At Sanford Health, we have embraced the importance of data and analytics in improving the health of our communities. In order to accomplish this mission, we needed to first establish a strong foundation through centralizing our analytics teams, creating a solid base of data governance, and instituting the “One Source of Truth” through a forward-looking data warehouse strategy. We have learned numerous lessons from making this transformation: perhaps the most unexpected one was the importance of prescriptive, rather than predictive, analytics.
Analytics for the Value-Based World
Sanford Health is an integrated health care delivery system based in the upper Midwest serving 2.74 million people in 300 predominately rural communities across 250,000 square miles. The system is composed of 45 medical centers and 289 clinics served by more than 1,400 employed physicians. Annual revenue is in excess of $4 billion including more than 180,000 health plan members as part of the system.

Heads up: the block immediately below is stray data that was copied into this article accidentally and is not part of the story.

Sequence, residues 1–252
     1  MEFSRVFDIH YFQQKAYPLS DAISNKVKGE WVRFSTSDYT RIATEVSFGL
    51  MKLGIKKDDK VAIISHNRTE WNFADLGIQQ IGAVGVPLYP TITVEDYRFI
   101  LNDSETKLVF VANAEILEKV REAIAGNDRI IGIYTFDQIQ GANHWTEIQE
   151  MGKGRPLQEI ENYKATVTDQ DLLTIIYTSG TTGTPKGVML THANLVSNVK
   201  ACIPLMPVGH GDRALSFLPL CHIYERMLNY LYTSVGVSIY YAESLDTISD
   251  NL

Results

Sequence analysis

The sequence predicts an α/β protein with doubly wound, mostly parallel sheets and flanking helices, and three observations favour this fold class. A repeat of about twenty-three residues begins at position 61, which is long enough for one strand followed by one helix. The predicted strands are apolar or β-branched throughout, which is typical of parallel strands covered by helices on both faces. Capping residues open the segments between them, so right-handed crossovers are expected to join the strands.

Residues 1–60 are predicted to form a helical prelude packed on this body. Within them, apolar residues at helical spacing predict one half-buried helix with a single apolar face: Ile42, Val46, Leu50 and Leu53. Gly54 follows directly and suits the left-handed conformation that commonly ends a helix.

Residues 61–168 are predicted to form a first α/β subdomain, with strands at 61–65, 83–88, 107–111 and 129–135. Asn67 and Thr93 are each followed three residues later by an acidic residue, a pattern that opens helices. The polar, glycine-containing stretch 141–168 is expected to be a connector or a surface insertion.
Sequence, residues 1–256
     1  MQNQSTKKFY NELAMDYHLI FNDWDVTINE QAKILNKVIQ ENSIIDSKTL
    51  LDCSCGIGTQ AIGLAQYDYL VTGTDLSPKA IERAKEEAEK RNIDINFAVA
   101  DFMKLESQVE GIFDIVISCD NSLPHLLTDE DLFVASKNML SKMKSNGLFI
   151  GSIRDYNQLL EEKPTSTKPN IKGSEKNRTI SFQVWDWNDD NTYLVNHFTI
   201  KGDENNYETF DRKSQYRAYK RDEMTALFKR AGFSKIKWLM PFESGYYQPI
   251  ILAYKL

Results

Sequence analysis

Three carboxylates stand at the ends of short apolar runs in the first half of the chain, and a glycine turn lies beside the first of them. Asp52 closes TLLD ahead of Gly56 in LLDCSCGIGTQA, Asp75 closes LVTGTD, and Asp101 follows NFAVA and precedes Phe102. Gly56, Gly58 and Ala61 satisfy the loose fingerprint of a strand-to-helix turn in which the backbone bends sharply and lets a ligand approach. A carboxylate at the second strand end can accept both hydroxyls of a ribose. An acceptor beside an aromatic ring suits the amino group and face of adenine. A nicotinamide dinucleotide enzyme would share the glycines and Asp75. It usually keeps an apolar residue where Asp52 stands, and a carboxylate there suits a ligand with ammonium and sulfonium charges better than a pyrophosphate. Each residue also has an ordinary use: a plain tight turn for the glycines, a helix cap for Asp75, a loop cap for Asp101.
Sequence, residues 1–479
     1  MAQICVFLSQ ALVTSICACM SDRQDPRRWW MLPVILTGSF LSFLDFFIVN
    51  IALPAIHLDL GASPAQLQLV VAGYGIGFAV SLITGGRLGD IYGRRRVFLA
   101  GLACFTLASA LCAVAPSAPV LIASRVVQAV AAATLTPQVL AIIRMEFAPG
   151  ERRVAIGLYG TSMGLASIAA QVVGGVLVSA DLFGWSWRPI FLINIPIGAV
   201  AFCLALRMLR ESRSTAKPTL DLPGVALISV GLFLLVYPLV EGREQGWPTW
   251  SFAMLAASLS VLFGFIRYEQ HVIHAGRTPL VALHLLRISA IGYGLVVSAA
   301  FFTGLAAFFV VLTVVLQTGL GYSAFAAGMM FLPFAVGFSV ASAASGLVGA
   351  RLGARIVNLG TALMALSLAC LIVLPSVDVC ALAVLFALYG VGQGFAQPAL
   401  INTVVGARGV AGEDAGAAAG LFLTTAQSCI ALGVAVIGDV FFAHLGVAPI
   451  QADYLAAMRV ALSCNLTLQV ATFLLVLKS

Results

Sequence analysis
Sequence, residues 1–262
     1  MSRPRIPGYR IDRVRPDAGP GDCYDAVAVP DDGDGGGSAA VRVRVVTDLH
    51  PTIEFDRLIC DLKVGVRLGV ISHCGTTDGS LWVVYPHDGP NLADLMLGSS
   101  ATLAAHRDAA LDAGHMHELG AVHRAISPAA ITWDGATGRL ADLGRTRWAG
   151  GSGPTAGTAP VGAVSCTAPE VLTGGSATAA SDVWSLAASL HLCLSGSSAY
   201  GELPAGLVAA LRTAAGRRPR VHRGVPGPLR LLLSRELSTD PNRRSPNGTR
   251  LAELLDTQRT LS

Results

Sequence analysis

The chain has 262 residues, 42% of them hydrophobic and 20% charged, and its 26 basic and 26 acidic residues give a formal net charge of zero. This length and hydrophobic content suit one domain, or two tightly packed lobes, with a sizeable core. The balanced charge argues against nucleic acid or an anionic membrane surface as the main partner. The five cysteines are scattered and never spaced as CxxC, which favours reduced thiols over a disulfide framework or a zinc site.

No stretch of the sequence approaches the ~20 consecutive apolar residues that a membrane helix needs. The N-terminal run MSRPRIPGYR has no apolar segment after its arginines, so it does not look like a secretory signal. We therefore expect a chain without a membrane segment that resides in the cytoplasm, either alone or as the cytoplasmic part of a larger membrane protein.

The transition from a fee-for-service world into a value-based world clarified for us the importance of data and analytics. We had to deepen our understanding of the costs and quality of our care, and how that care fit into the larger context of our patients’ lives. While fee-for-service models still predominate in our area, we are pushing our payers to adopt value-based payment models because we believe value-based care will benefit our patients, and creating analytics that prove its value is a key part of our mission.